Fewer government departments and less MPs would help reduce the cost of Westminster, and true devolution to the regions would loosen the London-centric media grip on covering ‘politics’. Our politicians are not representative of the nation at large – not those Labour front benchers who claim to be ‘on your side’ whilst backed by healthy donations from Unions, and who don’t earn, or would ever claim, anything approaching the average in their predominately working class constituencies; not Conservative members from the leafy shires who still do not understand the anger over expenses claims for comfy country pads and ample gardens. We need to open up Town Halls and Westminster to genuine representatives of the people, not just sharp suited bores straight from Uni who have only known a life of bag-carrying for MPs and climbing ladders within the system. If Westminster is to represent real people, those chosen as candidates by any of the main parties must stop choosing oiks who think The Thick of It was a lifestyle programme.

And yes, candidate selection and proper representation does go back to the dry electoral administration talked about earlier. Open primaries, proportional representation, recall elections, electronic voting, open hustings, votes at 16 – if we are a grown up democratic country, let us fix the machinery. There have been failed attempts at reinvigorating elections – the Referendum Party in 1992, the Jury Team, an ITV reality show to pick an independent candidate. Such ideas don’t necessarily have to fail if used as basis to try again.

Yes, Brand looked beyond such tinkering to a much wider, radical, less democratic revolution, but I’m a believer in representative democracy, and I don’t believe I could any easier create utopia in my room than he could in his. No functioning country in the western world could survive without corporations or democratic institutions. I know far more people who hang on every word of unaccountable, unelected corporate suits – Apple, Rockstar Games, the FA – than those who could name their MP. That’s a failing of the democratic system. That’s not to be ignored as a problem, but it cannot be resolved by the dream-world candyfloss created by a very smart, very clever dreamer. Brandism is but suggestions for a better world already in the mix of debate, particularly in a country of Whigs and Liberals, Churchill and Mills, Dawkins and Hitchens. Let us use Brand’s ideas to form a new structure for the country – but let’s not use his blueprint for the future. It won’t work.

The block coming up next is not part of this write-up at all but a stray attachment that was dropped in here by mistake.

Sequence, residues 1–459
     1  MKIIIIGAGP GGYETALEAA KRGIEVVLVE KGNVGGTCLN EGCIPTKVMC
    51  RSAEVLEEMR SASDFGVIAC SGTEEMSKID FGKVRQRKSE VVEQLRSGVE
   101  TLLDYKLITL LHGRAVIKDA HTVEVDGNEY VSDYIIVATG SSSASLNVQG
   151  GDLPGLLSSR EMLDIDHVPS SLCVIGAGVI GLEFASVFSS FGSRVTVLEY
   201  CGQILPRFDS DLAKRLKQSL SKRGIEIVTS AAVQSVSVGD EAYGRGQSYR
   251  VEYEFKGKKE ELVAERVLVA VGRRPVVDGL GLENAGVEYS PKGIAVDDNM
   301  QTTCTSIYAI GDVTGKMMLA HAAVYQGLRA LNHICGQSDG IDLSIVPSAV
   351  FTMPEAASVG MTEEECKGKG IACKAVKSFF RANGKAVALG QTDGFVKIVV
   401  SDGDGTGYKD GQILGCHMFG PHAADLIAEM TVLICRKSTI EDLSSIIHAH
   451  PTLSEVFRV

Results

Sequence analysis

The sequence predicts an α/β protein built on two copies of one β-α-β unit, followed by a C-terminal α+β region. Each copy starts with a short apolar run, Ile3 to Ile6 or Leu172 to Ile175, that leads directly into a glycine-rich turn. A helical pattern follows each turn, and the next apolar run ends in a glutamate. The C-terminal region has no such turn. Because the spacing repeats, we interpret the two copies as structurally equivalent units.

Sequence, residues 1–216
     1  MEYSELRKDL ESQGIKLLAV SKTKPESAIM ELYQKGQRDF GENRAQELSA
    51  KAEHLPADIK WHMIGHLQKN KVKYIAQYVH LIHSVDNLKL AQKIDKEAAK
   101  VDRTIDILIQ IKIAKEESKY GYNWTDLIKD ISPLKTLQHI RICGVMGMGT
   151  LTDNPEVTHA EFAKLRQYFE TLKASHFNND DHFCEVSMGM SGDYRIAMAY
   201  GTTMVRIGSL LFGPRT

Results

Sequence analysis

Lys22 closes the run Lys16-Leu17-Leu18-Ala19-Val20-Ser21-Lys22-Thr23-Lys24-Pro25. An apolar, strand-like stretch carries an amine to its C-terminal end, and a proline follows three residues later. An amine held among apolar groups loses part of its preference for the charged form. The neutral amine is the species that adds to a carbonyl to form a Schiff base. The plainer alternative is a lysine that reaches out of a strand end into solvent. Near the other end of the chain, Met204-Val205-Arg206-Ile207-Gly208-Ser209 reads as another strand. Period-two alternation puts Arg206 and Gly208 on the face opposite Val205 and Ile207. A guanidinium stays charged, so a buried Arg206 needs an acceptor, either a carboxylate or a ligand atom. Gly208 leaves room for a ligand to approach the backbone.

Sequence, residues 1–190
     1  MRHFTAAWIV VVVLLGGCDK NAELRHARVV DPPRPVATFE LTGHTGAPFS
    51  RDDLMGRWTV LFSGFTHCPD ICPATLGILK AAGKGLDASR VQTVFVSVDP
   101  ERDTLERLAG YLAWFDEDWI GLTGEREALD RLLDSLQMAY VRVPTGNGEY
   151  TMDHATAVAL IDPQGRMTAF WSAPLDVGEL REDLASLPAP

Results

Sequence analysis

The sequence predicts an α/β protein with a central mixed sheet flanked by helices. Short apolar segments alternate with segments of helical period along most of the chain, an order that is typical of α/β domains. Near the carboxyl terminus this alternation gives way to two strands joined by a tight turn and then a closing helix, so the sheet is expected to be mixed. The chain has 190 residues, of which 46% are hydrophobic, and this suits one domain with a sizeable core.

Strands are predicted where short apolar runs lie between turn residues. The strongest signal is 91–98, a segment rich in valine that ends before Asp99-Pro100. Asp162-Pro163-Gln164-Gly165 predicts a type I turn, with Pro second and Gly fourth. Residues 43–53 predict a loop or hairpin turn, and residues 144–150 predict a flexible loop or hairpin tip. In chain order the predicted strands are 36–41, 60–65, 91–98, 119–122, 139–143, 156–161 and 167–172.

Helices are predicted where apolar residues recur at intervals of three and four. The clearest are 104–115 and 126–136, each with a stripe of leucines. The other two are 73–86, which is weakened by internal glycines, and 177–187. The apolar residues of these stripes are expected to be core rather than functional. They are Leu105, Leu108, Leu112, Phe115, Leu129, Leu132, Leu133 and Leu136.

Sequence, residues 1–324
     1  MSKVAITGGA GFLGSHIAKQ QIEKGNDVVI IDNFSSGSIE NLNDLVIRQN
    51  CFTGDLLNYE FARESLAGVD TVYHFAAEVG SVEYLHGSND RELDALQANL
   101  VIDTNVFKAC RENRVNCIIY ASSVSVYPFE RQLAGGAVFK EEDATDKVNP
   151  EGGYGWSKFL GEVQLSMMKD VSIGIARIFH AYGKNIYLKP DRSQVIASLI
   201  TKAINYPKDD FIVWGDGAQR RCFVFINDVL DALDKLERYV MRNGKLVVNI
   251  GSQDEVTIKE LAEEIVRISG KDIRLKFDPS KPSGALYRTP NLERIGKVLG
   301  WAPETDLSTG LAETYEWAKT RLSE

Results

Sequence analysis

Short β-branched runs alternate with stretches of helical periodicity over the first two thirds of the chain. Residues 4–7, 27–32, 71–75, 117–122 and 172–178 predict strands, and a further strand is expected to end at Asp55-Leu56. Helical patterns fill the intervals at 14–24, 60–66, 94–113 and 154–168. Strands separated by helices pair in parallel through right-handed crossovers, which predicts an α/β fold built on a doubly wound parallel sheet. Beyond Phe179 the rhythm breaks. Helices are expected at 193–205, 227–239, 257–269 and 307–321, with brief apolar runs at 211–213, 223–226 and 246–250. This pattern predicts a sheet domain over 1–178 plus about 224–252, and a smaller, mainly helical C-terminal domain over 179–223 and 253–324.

Clarkson the Parliamentarian

Let us try to end the march of the Boring Snoring MP….

Two years before the 2010 general election (you know, “I Agree With Nick”, “Bigot-gate”, “Ester Rantzen Loses Luton South”, that one), one man was named as one of the best potential candidates who would really shake things up. That man was Jeremy Clarkson, the year was 2008, and the chosen constituency was Nick Clegg’s Sheffield Hallam.

There’s been talk from the man himself that maybe, just maybe, the idea of a double-denim wearing MP giving it the full Daily Mail might not be so outlandish. Indeed I’ve grown quite fond of the idea. Would it be so mad, bad and loony-tunes to have the infamously anti-everything Clarkson in the Commons, on Question Time, representing a small slice of England somewhere as in Independent?

Now for the science.  There’s no chance of Clarkson winning, because the First Past the Post voting system almost guarantees defeat. Yes, exceptions to prove this rule exist, and are more common lately – think of Labour losing Blaenau Gwent, and of George Galloway’s result in Bradford. Sometimes the will of the people defeats both the London-elite party establishment and basic mathematics. It has been proven, and far more in the post-politics age in which we are slowly entering, that First Past the Post does not always prefer the main three parties.

Ask UKIP, for whom numerous by-elections in this parliament have resulted in very close but ultimately useless second place runners up spots time after time. Were these elections run using, say, AV or STV, we would now have maybe three or four UKIP MPs, and despite disagreeing with them on pretty much everything, I’m a good little democrat and would accept their right to sit in the Commons. I don’t have the knee-jerk fear against UKIP or even the BNP which seems to infect usually normal and everyday people who treat proportional representation as some kind of evil fascism enabler. If the maths add up, then so be it, I don’t think using bogeymen works as an effective argument against dragging the UK into the 20th century.